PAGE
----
As the conservative movement grew, liberals kept complaining that the Right didn’t have the good sense to know it was dead or futile or fake. True conservatism was the “thankless persuasion,” in Clinton Lawrence Rossiter’s phrase. The good conservatives were like Tanenhaus’s Sherpas, gladly shouldering their burden of the New Deal. The bad conservatives were jabbering radicals trying to turn back the clock. 

In 1964, one of those radicals won the nomination of the Republican party, an amazing feat for a movement that was idealess and dying just a decade earlier. Goldwater lost the election, in part because the liberal establishment insisted he was a crypto-Nazi psychopath. And right on cue, liberals once again insisted that conservatism was dead. James Reston wrote in the New York Times that Barry Goldwater “not only lost the presidential election . . . but [lost] the conservative cause as well.” Walter Lippmann insisted that Goldwater’s loss had debunked the myth of conservatism once and for all. National Review’s Frank Meyer saw things differently. Liberals may have dubbed the movement “extremist, radical, nihilist, anarchic,” but nearly 40 percent of voters opted for the first authentic conservative since Calvin Coolidge. As historian Lee Edwards puts it, “Meyer’s implication was clear: You can build a powerful political movement on a foundation of 27 million true believers.”

In 1966, under Goldwater’s leadership, notes Edwards, Republicans saw major gains in the House (47 seats) and healthy ones in the Senate (three seats). Two years later, Goldwater handily won reelection to the Senate. That same year, Lyndon Johnson declined even to face the voters and Richard Nixon won the presidency (with the reluctant backing of NR). After Watergate, liberals once again tried to say that Nixon’s failure had proved conservatism’s failure, as if the two were one. By the late 1970s, The Nation started running sorrowful pieces about how mean the “New Right” was being to real (i.e., Beaconsfieldian) conservatives like John Anderson and Edward Brooke. Jimmy Carter ran for president assuring voters he was no left-wing Democrat and, having failed to make good on that promise, greased the skids for Ronald Reagan. And once again the same liberal apoplexy about how “radical” Reaganites weren’t “real conservatives” filled the op-ed pages and the airwaves.

And the beat went on. “When conservatives repeatedly declare that George [H. W.] Bush’s failures as president are the result of his having spurned their ideas and movement, they are harboring illusions born of their fleeting success under Ronald Reagan,” John Judis assured readers of The New Republic in 1992. “In fact, the conservative movement that carried Reagan to victory barely exists any longer . . . and the ideas associated with it have become obsolete, discredited, or heavily in dispute among conservatives themselves.” That’s not all balderdash, but it’s worth noting, at a minimum, that the Democratic president elected in 1992 did a great deal to solidify the Reagan Revolution (a point Tanenhaus himself concedes). And then he was followed by another Bush.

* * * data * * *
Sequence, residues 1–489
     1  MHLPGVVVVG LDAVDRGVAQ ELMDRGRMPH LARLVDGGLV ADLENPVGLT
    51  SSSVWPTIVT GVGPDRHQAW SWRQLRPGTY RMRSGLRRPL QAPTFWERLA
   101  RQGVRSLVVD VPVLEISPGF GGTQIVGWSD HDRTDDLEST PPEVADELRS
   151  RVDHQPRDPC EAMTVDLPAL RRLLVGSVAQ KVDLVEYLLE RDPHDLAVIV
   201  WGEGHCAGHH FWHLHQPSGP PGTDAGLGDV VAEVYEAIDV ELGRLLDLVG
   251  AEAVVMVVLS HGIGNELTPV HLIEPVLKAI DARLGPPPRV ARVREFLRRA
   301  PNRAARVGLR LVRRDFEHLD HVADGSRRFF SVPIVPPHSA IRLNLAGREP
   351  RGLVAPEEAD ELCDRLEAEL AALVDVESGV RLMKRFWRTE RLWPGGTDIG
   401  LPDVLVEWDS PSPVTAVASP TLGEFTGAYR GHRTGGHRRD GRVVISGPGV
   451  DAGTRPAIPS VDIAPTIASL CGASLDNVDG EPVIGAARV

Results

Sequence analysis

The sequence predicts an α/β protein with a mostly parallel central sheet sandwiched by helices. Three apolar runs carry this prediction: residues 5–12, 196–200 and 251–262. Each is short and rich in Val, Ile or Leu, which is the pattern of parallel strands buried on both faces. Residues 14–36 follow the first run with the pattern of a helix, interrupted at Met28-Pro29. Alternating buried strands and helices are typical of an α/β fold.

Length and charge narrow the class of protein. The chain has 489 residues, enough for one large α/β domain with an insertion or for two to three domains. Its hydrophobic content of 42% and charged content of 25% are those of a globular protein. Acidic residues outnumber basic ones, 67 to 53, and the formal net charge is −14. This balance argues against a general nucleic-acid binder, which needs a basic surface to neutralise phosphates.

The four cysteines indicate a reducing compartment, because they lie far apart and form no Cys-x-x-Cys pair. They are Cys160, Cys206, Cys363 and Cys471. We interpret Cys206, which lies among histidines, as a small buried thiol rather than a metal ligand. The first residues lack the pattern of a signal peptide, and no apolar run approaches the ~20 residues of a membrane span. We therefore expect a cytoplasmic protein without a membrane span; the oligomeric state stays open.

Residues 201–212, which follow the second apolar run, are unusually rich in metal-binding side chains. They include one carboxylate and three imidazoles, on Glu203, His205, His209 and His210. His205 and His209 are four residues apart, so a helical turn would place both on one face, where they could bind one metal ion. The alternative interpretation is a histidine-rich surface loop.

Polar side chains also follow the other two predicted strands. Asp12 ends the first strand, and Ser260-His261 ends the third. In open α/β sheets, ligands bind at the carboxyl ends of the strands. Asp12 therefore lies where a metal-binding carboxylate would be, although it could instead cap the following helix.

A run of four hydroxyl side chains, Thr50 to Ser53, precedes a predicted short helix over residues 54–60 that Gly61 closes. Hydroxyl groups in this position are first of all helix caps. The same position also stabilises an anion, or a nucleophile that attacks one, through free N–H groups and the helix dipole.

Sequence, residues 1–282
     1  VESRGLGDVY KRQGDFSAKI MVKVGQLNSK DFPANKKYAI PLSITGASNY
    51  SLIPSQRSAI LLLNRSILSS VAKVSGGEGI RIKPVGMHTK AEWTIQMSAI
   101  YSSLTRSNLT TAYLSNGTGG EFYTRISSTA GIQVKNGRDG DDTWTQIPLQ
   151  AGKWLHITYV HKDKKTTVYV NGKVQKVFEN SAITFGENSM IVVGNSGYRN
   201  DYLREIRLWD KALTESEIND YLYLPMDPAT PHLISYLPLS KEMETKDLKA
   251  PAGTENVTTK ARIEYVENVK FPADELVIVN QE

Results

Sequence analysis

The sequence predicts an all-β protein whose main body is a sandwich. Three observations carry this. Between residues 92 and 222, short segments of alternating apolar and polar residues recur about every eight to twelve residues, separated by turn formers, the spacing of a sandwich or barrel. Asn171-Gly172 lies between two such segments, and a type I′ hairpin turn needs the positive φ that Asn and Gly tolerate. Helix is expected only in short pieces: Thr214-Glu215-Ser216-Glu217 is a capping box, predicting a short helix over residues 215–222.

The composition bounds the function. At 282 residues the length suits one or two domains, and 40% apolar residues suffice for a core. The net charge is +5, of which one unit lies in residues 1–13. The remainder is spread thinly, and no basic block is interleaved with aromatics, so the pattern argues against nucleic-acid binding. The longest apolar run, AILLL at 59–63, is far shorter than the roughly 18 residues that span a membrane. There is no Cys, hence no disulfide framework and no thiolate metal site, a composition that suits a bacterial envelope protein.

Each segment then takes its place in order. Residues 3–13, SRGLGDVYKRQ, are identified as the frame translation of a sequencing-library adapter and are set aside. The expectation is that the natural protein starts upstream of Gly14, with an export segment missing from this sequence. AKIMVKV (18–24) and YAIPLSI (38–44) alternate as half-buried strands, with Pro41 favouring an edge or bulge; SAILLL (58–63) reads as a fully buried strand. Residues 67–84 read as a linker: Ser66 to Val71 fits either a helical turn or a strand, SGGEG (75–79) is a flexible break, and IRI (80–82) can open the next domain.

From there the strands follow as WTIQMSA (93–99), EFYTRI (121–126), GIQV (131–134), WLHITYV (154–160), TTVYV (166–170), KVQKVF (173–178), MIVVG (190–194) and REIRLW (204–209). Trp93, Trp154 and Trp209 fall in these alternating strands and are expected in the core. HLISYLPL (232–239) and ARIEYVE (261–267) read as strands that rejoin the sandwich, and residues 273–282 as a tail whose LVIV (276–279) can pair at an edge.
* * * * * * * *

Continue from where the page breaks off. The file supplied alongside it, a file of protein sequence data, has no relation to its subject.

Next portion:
Many reviewers suggest that Tanenhaus simply misinterpreted Obama’s victory as the death knell of conservatism. There’s some merit to the criticism, but it misses the larger point: that this is what liberals always do. The march of the conservative movement has forever enjoyed backup percussion from liberals banging their spoons on their highchairs as they insist that what they see can’t be real, makes no sense, and cannot last long. The conservative movement is just a long line of dead men walking, Zombie Reagans for as far as the eye can see. Indeed, the greatest source of conservative success might not be the strength of our ideas or the dedication of our adherents. It might be simply that a conservative movement cannot long fail in a center-right country when the center-left is determined not only to underestimate but fundamentally to misapprehend what it is about. When liberals chalk up tea-party protests and the like as racism, it is a slur, but it’s also a wonderful sign that they won’t even consider thinking seriously about their opposition. 

Even more striking is the rapid half-life of Tanenhaus’s prognostication. In 2008, as in 1964, an irascible senator from Arizona lost to a candidate promising that all things are possible if the noocracy of liberalism is given free rein. When Chris Matthews was reading Tanenhaus’s manuscript, Obama was FDR and Lincoln rolled into one. Visions of new New Deals and even Greater Societies danced in liberals’ heads. Now, less than a year into Obama’s presidency, “Yes, we can” has met with millions saying “Oh no you won’t” — and in reply the Left offers its usual insults of “fascist” and “racist.” Conservatism and the Republican party are hardly victorious, but they’re also hardly dead — and they never were.

Jonah Goldberg — Jonah Goldberg holds the Asness Chair in Applied Liberty at the American Enterprise Institute and is a senior editor of National Review. His new book, The Suicide of The West, is on sale now.